In the News: Sebastopol Walks takes its last jaunt

Sebastopol Walks takes its last jaunt

The group’s trailblazer, Richard Nichols, and his wife Brenda are avid hikers. The couple travels often and has always enjoyed learning about the location through walking its natural environment. Nichols was well aware there wasn’t a guidebook for his own hometown and decided to write one, which is now in it’s third edition and titled Sebastopol Walks.

After the first edition of Nichols’ book, which was funded from the Community Development Agency and was later abolished by Gov. Jerry Brown, he went to the Sebastopol city council to invite the members on an introductory walking tour of town.  It was Vice Mayor of the City of Sebastopol Sarah Glade Gurney who decided to start the walks based on Nichols book and introductory walk.

“Richard came to the council and said, ‘Let’s all take a walk,’’ Gurney said. “And after we did, I said, ‘why don’t we take a walk each month?’”

Nichols said the ultimate purpose was to get people out of their cars, walking more and to be healthy. Nichols is an advocate for the medical research behind regular exercise, which supports the decline of stress, the control of weight and the health of the cardiovascular system.

Gurney said there is no doubt that Nichols book and the walks have changed Sebastopol’s community culture. Nichols and Gurney agree that as a town with visiting tourists, many come to Sebastopol and buy the book but also soak in the culture of walking around town.

After the first year of the walks, Gurney invited Sonoma County Librarian Geoffrey Skinner to bring a touch of storytelling and history to the community walking experience. At one of the first walks that Skinner led, called the Watershed Walk, over 90 people attended and Gurney said people in town talked about it for weeks.

“My goal in the watershed walk was to introduce people to our creeks and the idea of how water flows through town,” Skinner said. “I talked about geology, hydrology and the history of how people did, or did not, pay attention to the creeks.”

Skinner said his talks depended on the locations of the walk and mostly were given with cultural and natural history as a focus.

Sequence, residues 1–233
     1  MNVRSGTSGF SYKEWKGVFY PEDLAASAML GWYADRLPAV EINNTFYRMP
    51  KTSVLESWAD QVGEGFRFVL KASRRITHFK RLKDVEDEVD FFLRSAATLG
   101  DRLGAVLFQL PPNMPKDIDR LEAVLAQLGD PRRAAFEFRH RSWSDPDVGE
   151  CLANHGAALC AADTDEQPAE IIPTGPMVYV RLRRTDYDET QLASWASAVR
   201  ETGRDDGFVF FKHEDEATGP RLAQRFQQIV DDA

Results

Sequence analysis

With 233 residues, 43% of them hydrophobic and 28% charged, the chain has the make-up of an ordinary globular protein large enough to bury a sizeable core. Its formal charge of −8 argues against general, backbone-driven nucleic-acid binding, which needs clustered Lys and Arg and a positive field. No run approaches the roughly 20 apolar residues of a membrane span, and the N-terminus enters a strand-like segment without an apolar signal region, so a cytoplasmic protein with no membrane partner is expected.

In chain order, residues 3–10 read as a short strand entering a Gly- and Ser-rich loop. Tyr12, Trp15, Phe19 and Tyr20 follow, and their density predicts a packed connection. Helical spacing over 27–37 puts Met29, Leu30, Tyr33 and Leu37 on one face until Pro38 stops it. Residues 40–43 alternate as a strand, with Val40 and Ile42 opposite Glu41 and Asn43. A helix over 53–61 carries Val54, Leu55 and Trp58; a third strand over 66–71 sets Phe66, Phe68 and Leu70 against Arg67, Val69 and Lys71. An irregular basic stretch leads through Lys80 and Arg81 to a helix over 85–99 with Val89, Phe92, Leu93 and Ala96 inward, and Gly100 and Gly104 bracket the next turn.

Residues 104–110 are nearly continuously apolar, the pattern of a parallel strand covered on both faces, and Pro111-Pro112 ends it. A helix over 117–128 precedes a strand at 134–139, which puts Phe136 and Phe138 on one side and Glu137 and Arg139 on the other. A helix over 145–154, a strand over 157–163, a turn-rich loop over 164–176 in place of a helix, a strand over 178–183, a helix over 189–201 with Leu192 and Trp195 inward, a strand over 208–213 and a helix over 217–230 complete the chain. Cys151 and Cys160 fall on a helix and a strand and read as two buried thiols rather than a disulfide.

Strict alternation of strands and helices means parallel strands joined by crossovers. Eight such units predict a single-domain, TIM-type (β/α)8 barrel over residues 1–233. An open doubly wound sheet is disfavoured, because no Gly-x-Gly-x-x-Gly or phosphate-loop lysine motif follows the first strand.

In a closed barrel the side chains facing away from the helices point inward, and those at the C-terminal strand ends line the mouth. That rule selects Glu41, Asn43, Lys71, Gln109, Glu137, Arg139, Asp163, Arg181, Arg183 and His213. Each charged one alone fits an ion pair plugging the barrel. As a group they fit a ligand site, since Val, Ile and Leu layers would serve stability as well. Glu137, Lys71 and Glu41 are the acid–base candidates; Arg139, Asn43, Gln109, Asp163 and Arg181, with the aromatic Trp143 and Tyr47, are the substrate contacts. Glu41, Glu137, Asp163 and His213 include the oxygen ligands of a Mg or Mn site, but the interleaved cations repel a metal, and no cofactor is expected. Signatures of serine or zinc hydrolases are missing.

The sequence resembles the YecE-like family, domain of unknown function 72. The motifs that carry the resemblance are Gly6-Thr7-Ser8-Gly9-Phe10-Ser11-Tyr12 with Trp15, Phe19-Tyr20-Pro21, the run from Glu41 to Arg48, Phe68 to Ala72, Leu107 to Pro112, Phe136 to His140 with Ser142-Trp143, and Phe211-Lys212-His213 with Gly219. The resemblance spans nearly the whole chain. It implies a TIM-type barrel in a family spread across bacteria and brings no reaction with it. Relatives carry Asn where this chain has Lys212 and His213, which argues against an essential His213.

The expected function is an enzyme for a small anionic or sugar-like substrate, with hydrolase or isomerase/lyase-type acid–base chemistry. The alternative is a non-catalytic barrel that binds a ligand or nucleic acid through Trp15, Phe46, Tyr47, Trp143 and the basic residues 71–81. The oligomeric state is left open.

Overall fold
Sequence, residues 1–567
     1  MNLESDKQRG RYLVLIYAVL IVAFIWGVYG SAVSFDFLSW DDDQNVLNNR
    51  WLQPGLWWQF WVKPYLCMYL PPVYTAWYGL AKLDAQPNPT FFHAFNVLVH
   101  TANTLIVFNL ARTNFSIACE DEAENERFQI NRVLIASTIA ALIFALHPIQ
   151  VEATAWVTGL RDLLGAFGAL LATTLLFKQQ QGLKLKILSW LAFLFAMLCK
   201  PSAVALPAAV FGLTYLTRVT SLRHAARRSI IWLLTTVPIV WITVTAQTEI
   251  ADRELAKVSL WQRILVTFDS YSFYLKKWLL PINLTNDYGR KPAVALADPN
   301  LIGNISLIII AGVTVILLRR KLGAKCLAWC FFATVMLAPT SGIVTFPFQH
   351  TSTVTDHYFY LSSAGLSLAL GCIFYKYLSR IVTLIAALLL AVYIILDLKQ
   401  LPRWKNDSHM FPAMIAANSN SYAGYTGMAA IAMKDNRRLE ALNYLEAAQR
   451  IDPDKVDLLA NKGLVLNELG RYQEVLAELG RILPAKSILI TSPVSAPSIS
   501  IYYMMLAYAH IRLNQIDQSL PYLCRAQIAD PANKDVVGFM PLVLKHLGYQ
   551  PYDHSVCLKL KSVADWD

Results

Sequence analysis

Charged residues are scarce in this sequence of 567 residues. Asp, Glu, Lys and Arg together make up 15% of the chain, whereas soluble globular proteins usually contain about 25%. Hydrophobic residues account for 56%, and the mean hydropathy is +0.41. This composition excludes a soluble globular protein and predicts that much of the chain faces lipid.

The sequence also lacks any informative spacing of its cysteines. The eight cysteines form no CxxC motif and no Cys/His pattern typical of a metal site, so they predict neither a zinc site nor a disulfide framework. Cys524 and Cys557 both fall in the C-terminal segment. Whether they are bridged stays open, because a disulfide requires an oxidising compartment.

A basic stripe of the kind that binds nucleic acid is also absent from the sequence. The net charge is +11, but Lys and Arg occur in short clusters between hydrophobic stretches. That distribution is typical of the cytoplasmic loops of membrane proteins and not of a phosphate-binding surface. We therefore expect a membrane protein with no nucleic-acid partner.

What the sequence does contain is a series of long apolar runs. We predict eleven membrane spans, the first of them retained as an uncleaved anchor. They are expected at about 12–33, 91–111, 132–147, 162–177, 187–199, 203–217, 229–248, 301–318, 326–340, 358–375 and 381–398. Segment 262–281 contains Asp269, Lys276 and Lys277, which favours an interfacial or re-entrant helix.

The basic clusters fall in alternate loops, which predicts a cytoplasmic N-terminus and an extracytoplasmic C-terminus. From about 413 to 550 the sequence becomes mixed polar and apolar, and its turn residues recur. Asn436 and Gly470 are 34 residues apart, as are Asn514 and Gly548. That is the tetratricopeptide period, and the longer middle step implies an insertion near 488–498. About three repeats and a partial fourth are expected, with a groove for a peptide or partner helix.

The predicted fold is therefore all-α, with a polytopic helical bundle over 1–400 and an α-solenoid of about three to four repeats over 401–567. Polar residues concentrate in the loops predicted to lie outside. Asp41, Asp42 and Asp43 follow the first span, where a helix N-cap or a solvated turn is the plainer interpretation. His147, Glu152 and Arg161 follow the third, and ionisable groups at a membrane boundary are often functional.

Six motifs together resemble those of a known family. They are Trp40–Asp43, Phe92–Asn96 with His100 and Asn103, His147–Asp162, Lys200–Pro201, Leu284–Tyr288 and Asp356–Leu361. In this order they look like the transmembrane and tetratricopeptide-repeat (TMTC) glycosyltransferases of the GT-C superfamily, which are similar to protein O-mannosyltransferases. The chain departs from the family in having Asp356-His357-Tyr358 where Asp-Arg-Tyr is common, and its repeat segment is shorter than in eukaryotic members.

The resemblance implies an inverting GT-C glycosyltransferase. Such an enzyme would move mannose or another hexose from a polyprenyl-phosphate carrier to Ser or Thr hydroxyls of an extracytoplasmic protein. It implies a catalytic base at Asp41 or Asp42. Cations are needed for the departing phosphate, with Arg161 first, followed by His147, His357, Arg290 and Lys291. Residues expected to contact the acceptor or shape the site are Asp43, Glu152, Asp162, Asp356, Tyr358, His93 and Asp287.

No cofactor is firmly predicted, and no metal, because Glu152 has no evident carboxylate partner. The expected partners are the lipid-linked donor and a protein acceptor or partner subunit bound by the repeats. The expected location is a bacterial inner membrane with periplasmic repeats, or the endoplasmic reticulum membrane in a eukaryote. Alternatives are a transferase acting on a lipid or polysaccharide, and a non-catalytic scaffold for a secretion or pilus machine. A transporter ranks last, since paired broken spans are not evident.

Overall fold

All of the group leaders agree that the walks were also a community engagement project.

“Many people who came to the walks realized they really liked the social company of the walks,” Gurney said.

Kathy Oetinger who has been in charge of the planning publicity for the organization said the walks have always provided an opportunity for those participating to learn something new about the town they live in. Because those walking are not on a familiar route, the trails provided a new experience for them.

“We found that we always went to places and saw things we’ve never seen, or streets we’ve never walked on, right up to these last walks,” Oetinger said. “We all saw those streets in a totally different way and people were always surprised.”

Nichols agreed and said that he was also amazed at some of the new things that he found even after living in Sebastopol for so long.

“Over 30 years of walking around town here, every time I go out, I always see something I haven’t seen before,” Nichols said. “A house, a new tree hanging over a fence where you can pick some of its fruit, dogs. You just never know.”

Skinner said he always felt validated when people expressed that they had learned something new.

“Part of my purpose was to bring obscure things to light for the community in the town they live in,” he said.

The average amount of people participating in the Sebastopol Walks was 30 people, but some walks such as the backyard gardens walk that occurred on May 22, 2010, has over 100 present. The longest walks have been eight miles. Nichols said he would have liked to do 10-mile walks, but the town is too small for that.

Gurney expressed that many people have asked for future dinner walks, which were popular walks in the past, raising money for the printing of future editions of Nichols’ book. Funding for the third edition came from the sales of the book, most of which were the local sales at Copperfields Books. The store recently sold 1,000 copies, which Nichols excitedly said outsold 50 Shades of Grey last year.

Skinner said the monthly program has reached its end, but there will likely be a few other walks here and there. The organizing committee of Sebastopol Walks said it was the community that made every walk worthwhile and that the occasional walk in the future will be posted on Sebastopolwalks.org.

Gurney said if that if anyone would like to plan or lead a group walk, the committee is more than happy to train and offer some assistance. If interested contact any one of them on the website.